Timescales of neural responses in the primary auditory area, L2a.

(a) Interval histogram of peaks in the PSTH of neurons in the primary auditory area, L2a, in response to bird songs. The population PSTH contains intervals distributed from 10 ms to 40 ms. (b,c) Interval histogram of peaks in the PSTH of neurons in the primary auditory area, L2a, in response to click sequences. For the click patterns, we applied two different timescales for the click intervals. In the first timescale, the click sequence evokes PSTH intervals in the range of 10–40 ms. The slower set of stimuli evokes PSTH intervals in the range of 20–80 ms.

https://doi.org/10.7554/eLife.18205.006

Transformation of click-sequence responses in the auditory hierarchy

Our next objective was to examine whether a similar transformation from synchronous to asynchronous coding could be seen for more elementary stimuli consisting of irregularly spaced clicks. This synthetic stimulus would allow us to probe whether the sequence transformation from the primary to the secondary auditory areas requires complex spectral content. If secondary auditory neurons have more complex or more selective spectral receptive fields, the emergence of asynchronous coding in the secondary auditory areas could be explained on the basis of this acoustic selectivity alone. However, if the transformation from synchronous primary response to asynchronous secondary responses could be reproduced with click trains, the result would indicate that the auditory processing pathways contain intrinsic temporal dynamics that transform temporal sequences independent of spectral selectivity.

The chosen synthetic stimuli were three seconds long and composed of clicks separated by ten specific inter-click intervals (11, 14, 16, 20, 23, 26, 29, 34, 36 and 40 ms). We chose these intervals on the basis of the timescale of neural responses to birdsongs in L2a (Figure 2a and b). The inter-peak intervals of the population PSTH in response to these click sequences was similar to inter-peak intervals in response to natural song. In effect, we chose click patterns that, in the primary auditory area, elicited a temporal response that loosely overlapped with the natural song response. We note that the selected inter-click intervals are also similar to intervals between sub-syllabic acoustic transitions found in zebra finch song (Amador et al., 2013; Norton and Scharff, 2016). For comparison, Figure 2 also shows the L2a PSTH inter-peak interval histogram for click sequences slowed by a factor of two.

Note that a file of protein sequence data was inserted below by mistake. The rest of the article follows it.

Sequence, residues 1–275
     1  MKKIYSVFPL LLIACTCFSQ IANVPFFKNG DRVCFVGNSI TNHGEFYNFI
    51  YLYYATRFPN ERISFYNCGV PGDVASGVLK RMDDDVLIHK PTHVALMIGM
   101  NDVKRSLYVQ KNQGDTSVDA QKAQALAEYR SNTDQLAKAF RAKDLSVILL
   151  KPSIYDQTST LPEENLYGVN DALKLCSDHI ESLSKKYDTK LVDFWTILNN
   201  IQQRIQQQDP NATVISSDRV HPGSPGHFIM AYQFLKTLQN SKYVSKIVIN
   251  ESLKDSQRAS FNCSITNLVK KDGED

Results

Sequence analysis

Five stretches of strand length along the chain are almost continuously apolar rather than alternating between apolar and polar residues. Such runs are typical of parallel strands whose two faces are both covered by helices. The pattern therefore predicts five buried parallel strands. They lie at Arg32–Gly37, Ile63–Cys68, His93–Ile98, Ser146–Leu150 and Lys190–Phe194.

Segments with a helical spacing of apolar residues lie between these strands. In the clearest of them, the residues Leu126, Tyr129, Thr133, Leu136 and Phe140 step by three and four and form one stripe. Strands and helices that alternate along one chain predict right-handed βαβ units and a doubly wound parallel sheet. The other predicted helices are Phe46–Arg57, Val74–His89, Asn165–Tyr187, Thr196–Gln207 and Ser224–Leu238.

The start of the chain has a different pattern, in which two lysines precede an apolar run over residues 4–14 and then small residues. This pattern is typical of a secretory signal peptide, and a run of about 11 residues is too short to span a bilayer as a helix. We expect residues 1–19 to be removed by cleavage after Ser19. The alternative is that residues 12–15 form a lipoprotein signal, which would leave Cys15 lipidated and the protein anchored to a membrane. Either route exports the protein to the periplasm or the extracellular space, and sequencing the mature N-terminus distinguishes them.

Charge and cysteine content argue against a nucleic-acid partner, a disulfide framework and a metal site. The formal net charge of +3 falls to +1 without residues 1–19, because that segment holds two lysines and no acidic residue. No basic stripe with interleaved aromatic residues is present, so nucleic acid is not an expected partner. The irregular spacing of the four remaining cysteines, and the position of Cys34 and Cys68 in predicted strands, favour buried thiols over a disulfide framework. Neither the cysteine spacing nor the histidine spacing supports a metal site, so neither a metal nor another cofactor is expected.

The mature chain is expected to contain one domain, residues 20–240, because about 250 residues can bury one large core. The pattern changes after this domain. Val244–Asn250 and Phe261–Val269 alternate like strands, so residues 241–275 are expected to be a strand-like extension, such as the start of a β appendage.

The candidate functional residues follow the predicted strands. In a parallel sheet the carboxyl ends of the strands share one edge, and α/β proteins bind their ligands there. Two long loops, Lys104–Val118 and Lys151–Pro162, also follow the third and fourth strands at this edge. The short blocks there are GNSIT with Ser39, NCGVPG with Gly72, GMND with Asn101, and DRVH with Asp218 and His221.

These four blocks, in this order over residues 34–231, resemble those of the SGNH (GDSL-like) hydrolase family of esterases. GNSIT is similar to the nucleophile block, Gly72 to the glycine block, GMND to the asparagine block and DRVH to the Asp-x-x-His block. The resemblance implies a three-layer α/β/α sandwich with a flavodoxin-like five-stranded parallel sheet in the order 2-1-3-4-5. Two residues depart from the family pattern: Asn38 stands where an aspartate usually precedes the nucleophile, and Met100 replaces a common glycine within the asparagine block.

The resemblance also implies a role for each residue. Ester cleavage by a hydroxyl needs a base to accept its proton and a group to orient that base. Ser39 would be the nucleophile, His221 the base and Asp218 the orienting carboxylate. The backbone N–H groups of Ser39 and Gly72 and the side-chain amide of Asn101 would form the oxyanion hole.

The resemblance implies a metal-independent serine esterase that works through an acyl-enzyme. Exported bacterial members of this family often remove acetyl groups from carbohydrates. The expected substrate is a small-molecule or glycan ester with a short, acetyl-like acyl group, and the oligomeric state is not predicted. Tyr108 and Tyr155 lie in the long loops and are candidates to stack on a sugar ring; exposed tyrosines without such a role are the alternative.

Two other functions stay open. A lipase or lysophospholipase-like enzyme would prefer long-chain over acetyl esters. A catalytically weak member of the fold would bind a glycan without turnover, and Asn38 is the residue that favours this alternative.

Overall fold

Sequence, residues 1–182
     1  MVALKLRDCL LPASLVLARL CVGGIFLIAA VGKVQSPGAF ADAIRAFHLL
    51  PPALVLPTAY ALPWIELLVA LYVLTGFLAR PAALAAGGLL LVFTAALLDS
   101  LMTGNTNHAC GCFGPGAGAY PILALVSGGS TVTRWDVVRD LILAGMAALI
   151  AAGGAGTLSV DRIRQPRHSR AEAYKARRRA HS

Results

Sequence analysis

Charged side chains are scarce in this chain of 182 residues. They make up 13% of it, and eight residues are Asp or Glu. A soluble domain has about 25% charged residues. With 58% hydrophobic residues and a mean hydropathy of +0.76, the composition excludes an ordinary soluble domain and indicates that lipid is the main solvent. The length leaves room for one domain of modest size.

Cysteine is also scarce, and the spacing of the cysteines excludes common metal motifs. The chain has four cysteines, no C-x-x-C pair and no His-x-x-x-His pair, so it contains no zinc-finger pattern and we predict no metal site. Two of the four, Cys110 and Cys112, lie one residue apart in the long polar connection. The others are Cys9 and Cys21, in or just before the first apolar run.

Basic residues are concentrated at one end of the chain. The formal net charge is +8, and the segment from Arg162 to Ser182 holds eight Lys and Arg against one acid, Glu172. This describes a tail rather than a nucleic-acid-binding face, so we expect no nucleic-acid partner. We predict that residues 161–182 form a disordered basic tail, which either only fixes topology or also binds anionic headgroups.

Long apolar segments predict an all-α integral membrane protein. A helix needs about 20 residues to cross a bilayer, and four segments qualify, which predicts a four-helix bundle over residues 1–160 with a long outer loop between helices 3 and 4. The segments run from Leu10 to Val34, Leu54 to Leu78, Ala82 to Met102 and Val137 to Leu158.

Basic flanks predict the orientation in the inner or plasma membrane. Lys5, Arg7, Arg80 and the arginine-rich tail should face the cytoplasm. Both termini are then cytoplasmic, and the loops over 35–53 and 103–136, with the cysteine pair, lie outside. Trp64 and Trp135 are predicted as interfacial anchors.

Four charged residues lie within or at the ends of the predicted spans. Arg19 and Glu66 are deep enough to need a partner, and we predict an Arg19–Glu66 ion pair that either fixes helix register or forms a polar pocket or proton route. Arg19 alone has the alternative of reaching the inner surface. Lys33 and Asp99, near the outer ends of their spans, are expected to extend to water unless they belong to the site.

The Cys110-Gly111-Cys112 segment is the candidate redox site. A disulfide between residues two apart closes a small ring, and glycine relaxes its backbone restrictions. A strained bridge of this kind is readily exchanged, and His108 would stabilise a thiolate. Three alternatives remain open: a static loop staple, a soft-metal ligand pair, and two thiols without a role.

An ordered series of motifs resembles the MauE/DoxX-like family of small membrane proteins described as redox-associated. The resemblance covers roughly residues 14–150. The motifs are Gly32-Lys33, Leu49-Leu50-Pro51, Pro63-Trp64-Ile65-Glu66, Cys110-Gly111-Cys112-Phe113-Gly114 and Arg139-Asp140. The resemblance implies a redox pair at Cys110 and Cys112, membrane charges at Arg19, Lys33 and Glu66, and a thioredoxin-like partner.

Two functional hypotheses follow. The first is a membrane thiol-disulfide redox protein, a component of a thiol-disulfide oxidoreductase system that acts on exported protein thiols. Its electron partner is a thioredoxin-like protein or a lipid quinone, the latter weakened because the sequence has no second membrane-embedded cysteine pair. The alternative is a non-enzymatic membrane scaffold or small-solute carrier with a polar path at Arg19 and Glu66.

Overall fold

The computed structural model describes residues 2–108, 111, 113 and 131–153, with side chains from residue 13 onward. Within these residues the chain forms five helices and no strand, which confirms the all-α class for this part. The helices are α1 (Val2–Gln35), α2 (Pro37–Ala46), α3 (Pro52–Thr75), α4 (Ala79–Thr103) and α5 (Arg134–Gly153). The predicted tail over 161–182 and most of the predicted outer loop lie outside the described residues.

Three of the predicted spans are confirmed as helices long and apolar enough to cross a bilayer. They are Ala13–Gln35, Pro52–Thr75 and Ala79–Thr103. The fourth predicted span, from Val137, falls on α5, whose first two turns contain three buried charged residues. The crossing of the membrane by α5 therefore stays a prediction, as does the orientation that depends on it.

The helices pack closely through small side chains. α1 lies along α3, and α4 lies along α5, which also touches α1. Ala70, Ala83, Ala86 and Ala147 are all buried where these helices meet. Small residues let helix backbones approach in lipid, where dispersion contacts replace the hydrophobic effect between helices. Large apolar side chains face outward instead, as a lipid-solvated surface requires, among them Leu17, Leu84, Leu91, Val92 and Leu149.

The duration of all ten click intervals summed together is 249 ms. The longer three-second sequences were built from 249 ms blocks, in which each block contains a permutation of the ten click intervals. In some stimuli, the blocks were repeating and in others non-repeating. For all sequences, the stimuli differed only in the ordering of click intervals. On timescales longer than the block duration, the statistical properties of all stimuli were equivalent. The set of stimuli used in this study can be seen in Figure 3—figure supplement 1. (Sample audio files are also provided. See supplementary file 1).

Raster plots for single units in primary and secondary auditory areas are shown in Figure 3a. (Example spike waveforms of single units and corresponding rasters are shown in Figure 3—figure supplement 3.) Raster plots for the full ensemble of single and multi-units are shown in Figure 3—figure supplement 2, including a breakdown of secondary cells into narrow (red) and broad-spiking (black) neuron waveforms. Only narrow units were found in the primary auditory area. (This figure is the only time in the paper that poorly sorted units, or ‘multi-units’ are included.) A distinct change in the temporal response to click sequences can be found in the transition from primary to secondary areas. In the primary auditory area, the click responses are fairly insensitive to the local context – to first approximation, each click evoked a synchronous, low latency response across channels, whereas secondary auditory areas were characterized by sparser and less synchronous responses that were more sensitive to the sequence context of the click (Figure 3—figure supplements 4 and 5). The click sequence, by definition, contains no significant spectral cues for frequencies above 100 Hz (the shortest interval in the click set was 11 ms, thus below the 100 Hz cutoff). Zebra finch hearing thresholds for pure tones are attenuated by about 20 dB relative to humans at 100 Hz (Okanoya and Dooling, 1987; Moore, 2007), and the fundamental frequency of conspecific song is typically 500 Hz or higher in zebra finches.

Figure 3 with 5 supplements see all
Neural responses to click sequences in primary and secondary auditory areas.